In 2011, sunitinib (multityrosine kinase inhibitor) and everolimus (mTOR signalling pathway inhibitor) were approved by the Food and Drug Administration (FDA) for the treatment of unresectable, metastatic, progressive pancreatic NETs based on the results of phase III trials demonstrating a significantly improved progression-free survival (PFS) in the treatment versus placebo arm (11.4 vs 5.5 months for sunitinib, and 11.0 vs 4.6 months for everolimus).14 ,16 However, there are several important management issues that remain unclear: (1) Is treatment with everolimus/sunitinib beneficial to other groups of patients with advanced NETs, who have NETs of GI tract (also called ‘carcinoids’), and/or patients who have cytoreductive surgery? (2) While the choice of targeted therapies in other malignancies is more frequently being driven by the findings of the precise molecular alterations present in the tumour, no such study has been done in NETs. This is particularly important given that the survival of patients with malignant NETs appears to be different based on the driver mutation(s) present in the tumour and low-grade or intermediate-grade tumours can have a relatively indolent growth.22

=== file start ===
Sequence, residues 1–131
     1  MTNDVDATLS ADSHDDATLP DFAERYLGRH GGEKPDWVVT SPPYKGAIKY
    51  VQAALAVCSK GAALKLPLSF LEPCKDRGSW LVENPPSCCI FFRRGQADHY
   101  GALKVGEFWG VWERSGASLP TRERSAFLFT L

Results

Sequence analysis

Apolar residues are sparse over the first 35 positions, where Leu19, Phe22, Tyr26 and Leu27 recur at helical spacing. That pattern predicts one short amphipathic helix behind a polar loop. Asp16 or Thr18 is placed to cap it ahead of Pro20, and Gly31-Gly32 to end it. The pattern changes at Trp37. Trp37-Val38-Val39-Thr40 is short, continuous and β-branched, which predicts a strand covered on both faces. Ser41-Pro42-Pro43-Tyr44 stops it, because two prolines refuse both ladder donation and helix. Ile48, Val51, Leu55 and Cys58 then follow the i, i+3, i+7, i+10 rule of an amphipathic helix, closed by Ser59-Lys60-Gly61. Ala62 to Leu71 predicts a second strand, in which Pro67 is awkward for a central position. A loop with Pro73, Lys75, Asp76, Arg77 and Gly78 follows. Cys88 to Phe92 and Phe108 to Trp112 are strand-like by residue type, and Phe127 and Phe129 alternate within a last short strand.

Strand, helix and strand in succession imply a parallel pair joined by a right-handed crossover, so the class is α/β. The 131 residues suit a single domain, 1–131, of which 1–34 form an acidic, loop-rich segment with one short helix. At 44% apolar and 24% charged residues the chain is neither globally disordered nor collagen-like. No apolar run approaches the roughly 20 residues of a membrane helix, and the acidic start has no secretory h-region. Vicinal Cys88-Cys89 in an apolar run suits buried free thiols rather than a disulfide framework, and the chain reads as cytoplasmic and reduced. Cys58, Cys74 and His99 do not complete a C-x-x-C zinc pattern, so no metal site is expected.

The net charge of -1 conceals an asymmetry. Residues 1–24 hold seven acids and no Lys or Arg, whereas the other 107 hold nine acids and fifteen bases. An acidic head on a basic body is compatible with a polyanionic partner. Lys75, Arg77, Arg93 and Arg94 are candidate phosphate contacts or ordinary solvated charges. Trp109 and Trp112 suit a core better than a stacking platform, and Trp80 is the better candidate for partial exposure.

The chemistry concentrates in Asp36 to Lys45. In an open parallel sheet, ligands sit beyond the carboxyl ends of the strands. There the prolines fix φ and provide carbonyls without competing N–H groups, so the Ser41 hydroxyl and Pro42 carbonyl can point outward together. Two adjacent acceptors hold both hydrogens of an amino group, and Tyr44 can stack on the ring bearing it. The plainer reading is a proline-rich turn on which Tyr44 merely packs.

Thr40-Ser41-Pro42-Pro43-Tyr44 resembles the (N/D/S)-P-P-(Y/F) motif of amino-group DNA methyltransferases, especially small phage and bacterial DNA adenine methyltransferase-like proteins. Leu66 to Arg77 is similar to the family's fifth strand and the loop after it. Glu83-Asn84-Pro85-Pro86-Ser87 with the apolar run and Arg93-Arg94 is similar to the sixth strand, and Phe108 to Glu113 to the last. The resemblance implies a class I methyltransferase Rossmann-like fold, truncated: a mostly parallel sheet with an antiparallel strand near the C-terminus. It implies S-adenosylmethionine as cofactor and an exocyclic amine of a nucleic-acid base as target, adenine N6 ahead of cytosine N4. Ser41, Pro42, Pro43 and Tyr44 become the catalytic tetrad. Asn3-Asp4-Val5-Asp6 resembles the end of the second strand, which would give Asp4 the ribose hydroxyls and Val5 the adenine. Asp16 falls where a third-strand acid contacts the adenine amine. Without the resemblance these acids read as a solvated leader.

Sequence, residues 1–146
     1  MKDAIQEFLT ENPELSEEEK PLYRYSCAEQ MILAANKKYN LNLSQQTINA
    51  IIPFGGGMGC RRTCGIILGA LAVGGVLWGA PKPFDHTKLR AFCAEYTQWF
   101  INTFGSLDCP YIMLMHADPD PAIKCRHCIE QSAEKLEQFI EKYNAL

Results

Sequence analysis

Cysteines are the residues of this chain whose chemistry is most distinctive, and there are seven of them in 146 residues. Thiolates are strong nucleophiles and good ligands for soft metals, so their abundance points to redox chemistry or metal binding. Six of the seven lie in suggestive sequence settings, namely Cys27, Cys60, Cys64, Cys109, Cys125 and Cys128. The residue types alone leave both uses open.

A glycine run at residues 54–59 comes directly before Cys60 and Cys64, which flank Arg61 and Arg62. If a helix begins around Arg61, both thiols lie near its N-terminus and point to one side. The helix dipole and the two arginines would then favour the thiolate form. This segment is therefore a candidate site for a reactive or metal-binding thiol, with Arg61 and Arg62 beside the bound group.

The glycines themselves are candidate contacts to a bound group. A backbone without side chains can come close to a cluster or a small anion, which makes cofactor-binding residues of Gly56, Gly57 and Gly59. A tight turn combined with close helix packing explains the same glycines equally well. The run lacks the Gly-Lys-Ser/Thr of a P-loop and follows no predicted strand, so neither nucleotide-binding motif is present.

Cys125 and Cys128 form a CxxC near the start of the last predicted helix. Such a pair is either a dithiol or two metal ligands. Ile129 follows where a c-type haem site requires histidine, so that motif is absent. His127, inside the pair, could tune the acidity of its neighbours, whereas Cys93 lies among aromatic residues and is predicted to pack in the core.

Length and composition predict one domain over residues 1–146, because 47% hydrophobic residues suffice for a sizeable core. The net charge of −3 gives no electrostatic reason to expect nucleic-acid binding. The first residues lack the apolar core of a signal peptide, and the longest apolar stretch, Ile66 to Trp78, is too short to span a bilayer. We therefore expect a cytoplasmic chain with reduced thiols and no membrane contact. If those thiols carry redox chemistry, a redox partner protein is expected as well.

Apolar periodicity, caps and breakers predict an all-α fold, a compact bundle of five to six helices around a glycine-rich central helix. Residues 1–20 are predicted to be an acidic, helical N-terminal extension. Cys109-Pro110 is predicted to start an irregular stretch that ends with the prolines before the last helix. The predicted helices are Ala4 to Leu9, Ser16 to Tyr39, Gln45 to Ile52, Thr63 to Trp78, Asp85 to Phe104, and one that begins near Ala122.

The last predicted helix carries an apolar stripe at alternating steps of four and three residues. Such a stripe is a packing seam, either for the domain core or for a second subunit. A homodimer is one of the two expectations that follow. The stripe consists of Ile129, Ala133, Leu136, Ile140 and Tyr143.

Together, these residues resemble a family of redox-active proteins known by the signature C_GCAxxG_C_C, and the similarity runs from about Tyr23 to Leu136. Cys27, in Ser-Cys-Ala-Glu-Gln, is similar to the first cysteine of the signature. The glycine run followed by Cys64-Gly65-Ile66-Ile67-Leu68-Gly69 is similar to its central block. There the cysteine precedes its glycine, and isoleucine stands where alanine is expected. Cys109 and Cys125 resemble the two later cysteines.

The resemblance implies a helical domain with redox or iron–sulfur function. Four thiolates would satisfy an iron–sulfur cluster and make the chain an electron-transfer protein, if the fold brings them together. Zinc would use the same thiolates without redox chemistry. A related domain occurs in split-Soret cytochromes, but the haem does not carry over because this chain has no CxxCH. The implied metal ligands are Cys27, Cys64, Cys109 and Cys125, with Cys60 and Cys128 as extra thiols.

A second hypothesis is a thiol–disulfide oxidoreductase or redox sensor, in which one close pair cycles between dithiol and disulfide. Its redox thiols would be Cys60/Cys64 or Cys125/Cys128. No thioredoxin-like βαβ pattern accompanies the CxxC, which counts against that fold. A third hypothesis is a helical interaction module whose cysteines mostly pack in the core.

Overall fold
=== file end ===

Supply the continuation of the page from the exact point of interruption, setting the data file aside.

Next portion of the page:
The primary objective of this phase II trial is to determine the PFS in patients with NETs of the GI tract and pancreas treated with sunitinib or everolimus based on tumour genotyping with or without surgical resection. The study was designed to test the hypothesis that an improvement in PFS can be achieved using this mutation-targeted treatment strategy when compared to previous studies.14 ,16
Methods and design
All patients with NETs of the GI tract and pancreas who meet the following criteria are eligible to participate in this study.
Progressive, histologically or cytologically diagnosed low-grade or intermediate-grade, neuroendocrine tumours confirmed by the Laboratory of Pathology, National Cancer Institute (NCI).